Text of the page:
- Three deeply influential Austrian thinkers must be mentioned in the same breath. The economist Friedrich Hayek was a Nobel Prize winner who enunciated the clearest, most comprehensive defense of classic economic liberalism in the history of his field. His compatriot Ludwig von Mises solidified the foundation of microeconomics as a form of rational choice theory. If, as an American, you think we owe the free-market ideology on which our economy is based to Milton Friedman, Allen Greenspan, or some other Chicago ideologue (still less to the vulgar claptrap of Ayn Rand), we do not. Those economists owe the sum of their ideas to Hayek and von Mises. The Austrians were the first economists to say, if you want the state out of the individual’s way, you must start by allowing the markets to function in the freest way possible. For good or for ill, these are the fathers of the Reagan-Thatcher deregulation wave that conquered the world in the 1980s and remains with us today.
- Hayek’s and von Mises’s counterpart in political philosophy was Karl Popper, author of the justly famous The Open Society and Its Enemies. Perched as he was in central Europe, and having witnessed Nazi fascism and Warsaw Pact communism, the well-informed Popper became an implacable foe of the corporate state. He argued with passion and principle that citizens must be left alone to speak their minds and form their own interest-based associations if they are to enjoy real freedom. If you get the heebie jeebies at the idea that governments should have ministries of religion or ministries of “sports and youth,” for example, but cannot quite articulate your revulsion, you will find a champion in Popper. He is the main expositor of the ideas that passed through the crucible of World War Two and the Cold War to be christened as liberal democratic values.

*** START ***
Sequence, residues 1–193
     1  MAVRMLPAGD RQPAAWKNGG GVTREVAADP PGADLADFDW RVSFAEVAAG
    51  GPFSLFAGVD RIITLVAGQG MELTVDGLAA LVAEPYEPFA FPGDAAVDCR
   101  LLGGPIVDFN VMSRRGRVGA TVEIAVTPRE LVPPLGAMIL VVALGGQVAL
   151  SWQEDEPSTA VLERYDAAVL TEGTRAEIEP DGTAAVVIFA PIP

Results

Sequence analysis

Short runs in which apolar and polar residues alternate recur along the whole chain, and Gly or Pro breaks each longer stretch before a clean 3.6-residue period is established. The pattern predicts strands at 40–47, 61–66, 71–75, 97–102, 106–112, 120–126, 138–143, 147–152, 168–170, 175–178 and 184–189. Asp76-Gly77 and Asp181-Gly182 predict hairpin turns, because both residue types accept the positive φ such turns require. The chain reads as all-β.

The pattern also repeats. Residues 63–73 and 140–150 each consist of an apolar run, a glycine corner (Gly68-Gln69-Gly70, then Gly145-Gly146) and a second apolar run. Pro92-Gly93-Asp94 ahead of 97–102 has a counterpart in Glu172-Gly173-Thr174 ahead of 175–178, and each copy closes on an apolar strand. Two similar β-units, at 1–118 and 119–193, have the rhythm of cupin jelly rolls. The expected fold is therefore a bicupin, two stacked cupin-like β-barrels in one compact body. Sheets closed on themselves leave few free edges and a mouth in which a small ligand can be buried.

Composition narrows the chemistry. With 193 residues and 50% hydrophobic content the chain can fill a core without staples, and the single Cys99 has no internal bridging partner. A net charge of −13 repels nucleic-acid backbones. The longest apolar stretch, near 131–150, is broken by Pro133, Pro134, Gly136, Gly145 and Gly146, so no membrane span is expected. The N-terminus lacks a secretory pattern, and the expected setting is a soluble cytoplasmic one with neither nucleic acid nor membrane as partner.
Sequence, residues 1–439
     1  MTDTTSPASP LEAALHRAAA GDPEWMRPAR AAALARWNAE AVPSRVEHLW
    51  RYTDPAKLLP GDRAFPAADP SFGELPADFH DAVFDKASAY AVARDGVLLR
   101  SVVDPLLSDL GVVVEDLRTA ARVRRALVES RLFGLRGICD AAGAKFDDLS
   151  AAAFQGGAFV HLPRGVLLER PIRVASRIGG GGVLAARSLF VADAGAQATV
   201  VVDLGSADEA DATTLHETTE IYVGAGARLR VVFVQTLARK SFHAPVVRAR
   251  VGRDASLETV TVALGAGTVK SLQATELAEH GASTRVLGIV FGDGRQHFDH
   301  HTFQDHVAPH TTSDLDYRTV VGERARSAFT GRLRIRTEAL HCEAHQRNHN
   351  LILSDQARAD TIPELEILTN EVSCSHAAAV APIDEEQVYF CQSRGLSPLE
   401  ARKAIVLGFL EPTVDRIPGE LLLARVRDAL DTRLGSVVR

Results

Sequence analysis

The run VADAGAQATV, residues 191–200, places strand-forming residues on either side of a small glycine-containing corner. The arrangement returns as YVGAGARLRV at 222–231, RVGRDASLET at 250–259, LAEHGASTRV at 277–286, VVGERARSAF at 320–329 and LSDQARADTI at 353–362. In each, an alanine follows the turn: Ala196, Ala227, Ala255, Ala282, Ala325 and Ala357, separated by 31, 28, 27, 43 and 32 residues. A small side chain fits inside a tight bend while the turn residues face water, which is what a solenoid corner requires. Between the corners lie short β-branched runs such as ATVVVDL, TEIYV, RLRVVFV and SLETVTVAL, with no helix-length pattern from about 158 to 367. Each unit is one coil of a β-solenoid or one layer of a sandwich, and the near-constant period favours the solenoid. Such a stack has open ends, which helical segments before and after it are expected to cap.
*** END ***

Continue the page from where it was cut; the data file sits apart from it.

I make no attempt to explain Austria’s high cultural batting average here, only admire it. Still, they say location is everything, and there must be something to the notion that Austria took in all of Eurasia’s intersecting cultural influences because of where it sits. It then wove them all together. I have only touched on the surface of them here.
On the three or four occasions I’ve found myself in the Innsbruck Main Train Station, I’ve felt I was somehow at the gritty and unprepossessing heart of Europe. It’s a place where you can still feel the old confluence of Germanic, Latin, Jewish and Slavic cultures. In 1993, I heard Bosnian spoken there by people carrying bundles and suitcases. In 2016 I heard Arabic and I guess Swahili by people carrying just bundles. People are always on the move. Lots of them pass through Austria; some stay and think.
Looking back, I feel like those moments at the Innsbruck station found me at the heart of the world as I know it. Somehow Austria, despite asking for no such fame, opened up onto the rest of the world. If I should ever go crazy and run off to die at a train station like Tolstoy did, I hope I make my way back to Innsbruck, where you can still sense genius being formed by accident.
- This is of course an oversimplification. Many young postwar Germans believed their parents’ generation had been shamefully exempted from having to face up to their past. They thought the Allies’ hasty rehabilitation of Germany allowed too many fascist undercurrents of German society to survive, allowing the “new” German bourgeoisie avoid the moral self examination that was required of them. The Red Army Faction was just one, extreme, example of this larger protest movement. It is worth noting, however, that Austria was not wracked by such collective soul searching after the war, likely because the Allies imposed a less stringent denazification process there.